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Remembering Tom Sherak
Tom Sherak, as many have noted in the days since he died way too young at age 68, was one of the good guys. You can read some of the voluminous coverage about his impact on Los Angeles and on Hollywood as an executive at Fox, as the president of the Academy of Motion Picture Arts and Sciences, as L.A.’s first Film Czar, and as a devoted philanthropist and fundraiser via Deadline, the Los Angeles Times, The Wrap, and Anne Thompson.
I wanted to tell just one more small story about him. Last September, Sherak welcomed me into his doctor’s office, where he was getting a course of chemotherapy. He’d been fighting his battle with prostate cancer for more than a decade, I knew. At the time, I was writing a profile of a cancer researcher named David Agus, who happened to be Sherak’s physician. I’d asked Agus if I could sit in on a visit with a patient. Little did I know that Sherak would be the one who volunteered.
I had known Sherak for years—as a source, he'd helped me learn the ins and outs of writing about Hollywood when I was just a beginner, and he was always available to tell me whether something I was writing was far-fetched or simply wrong. I'd called upon him more than once to explain or debunk a theory or a tip I'd received. Now, he'd agreed to help me understand something else—something far more personal. When I walked into the room where he was already hooked up to an IV, I thanked him and his wife, Madeleine, for letting me be a fly on the wall. He responded in classic Sherak style. This was important, he said. People needed to know more about this devastating disease and its treatment. If he could help with that, he wanted to try.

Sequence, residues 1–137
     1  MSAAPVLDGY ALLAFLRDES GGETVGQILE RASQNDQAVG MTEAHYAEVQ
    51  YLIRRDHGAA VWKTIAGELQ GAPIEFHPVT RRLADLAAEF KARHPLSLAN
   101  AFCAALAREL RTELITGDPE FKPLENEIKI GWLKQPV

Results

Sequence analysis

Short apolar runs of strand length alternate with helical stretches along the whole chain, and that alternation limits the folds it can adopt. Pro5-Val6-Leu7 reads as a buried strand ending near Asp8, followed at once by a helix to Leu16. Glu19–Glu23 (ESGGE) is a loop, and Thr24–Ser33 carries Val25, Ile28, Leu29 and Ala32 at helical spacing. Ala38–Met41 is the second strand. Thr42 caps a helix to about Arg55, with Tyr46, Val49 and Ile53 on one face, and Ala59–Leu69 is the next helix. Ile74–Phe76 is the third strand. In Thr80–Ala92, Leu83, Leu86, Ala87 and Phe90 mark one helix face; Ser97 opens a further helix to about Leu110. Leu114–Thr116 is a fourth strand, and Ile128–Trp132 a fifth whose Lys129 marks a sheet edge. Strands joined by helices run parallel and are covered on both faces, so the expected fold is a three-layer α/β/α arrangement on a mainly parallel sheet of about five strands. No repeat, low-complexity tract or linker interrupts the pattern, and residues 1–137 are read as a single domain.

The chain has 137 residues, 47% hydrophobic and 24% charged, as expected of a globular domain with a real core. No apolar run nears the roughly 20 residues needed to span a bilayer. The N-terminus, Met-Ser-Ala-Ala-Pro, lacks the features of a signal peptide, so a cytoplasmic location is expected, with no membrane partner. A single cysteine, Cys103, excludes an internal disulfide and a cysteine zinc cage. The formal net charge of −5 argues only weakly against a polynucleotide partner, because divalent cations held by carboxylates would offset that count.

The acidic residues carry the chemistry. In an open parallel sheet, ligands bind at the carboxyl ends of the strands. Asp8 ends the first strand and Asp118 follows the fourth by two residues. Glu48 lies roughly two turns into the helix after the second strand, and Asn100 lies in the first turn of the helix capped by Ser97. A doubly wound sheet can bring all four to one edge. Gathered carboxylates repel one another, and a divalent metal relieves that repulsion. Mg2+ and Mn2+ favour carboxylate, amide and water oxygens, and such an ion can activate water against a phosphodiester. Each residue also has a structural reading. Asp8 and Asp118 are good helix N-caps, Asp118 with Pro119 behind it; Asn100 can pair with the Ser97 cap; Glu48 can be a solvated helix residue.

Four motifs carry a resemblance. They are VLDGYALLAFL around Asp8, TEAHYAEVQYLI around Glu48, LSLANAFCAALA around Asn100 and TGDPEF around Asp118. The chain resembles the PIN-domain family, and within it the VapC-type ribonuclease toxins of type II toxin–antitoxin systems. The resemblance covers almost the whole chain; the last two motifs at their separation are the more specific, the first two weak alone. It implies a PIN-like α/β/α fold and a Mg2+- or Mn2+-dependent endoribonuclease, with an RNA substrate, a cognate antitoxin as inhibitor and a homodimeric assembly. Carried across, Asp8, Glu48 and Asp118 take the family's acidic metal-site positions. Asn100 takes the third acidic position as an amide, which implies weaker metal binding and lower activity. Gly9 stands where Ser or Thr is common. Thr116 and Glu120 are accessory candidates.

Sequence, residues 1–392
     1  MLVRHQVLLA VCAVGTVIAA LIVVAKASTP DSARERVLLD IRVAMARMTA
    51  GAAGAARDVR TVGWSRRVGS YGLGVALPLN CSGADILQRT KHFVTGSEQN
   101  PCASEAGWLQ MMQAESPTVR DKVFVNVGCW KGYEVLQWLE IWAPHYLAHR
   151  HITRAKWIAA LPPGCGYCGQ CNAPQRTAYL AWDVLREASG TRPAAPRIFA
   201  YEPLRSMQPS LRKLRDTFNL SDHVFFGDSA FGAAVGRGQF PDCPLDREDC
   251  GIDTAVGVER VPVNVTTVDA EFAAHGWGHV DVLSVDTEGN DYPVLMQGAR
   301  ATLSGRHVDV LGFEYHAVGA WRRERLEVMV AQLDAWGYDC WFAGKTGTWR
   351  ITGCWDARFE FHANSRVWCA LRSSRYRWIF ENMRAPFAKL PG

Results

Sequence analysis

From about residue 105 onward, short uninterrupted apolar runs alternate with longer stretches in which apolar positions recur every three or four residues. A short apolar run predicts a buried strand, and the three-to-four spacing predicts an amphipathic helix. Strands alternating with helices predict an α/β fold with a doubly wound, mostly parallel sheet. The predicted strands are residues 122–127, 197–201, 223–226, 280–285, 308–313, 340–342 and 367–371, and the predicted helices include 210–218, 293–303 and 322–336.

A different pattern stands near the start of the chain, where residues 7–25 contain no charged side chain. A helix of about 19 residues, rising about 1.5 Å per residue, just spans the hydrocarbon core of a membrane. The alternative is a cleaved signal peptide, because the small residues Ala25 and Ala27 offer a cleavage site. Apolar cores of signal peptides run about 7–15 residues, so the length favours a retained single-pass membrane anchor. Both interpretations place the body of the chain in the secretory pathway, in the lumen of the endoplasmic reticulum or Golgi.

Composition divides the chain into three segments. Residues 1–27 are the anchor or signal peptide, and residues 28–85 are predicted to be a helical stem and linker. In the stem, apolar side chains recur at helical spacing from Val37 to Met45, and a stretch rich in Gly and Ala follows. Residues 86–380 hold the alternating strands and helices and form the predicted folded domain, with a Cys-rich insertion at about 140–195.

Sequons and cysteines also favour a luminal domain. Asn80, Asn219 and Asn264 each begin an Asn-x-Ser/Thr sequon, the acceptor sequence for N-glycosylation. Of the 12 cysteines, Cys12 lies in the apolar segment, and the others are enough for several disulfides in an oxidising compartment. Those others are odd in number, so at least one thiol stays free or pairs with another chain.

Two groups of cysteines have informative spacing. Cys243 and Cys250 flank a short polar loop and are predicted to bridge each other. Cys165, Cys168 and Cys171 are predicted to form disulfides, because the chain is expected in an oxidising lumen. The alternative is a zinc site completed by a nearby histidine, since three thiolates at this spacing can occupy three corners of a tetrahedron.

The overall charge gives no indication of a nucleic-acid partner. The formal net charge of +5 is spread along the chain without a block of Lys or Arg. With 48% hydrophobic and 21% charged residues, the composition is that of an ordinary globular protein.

While the drugs he was receiving were, at that point, working, they had taken a lot out of him, and he was frank with Dr. Agus about his desire to maintain his quality of life while also trying to beat back the disease. Here's an excerpt from the Wired story (it ran in the January 2014 issue) that describes what happened:
It’s in the examination room that I finally see, up close, what drives [Agus]. Today one of his patients is Tom Sherak, a longtime studio executive and former president of the Academy of Motion Picture Arts and Sciences. Sherak, 68, has been fighting prostate cancer since 2001. For five years another doctor kept the disease in check, but in 2006, when the cancer grew more aggressive, Sherak’s friends told him to contact Agus. Sherak is no whiner, but he admits that the disease has taken its toll: Chemo robs him of his energy, his sex drive, sometimes even his will.
Agus is treating Sherak with Taxotere, a drug that interferes with cell division. It’s powerful stuff—after each treatment (Sherak’s on his fifth) he can do little but lie in a recliner for at least a week. As the chemo enters his body via an IV drip, Sherak—in a white hospital gown, with a blanket tucked snugly around his lower half—appears upbeat, at least at first.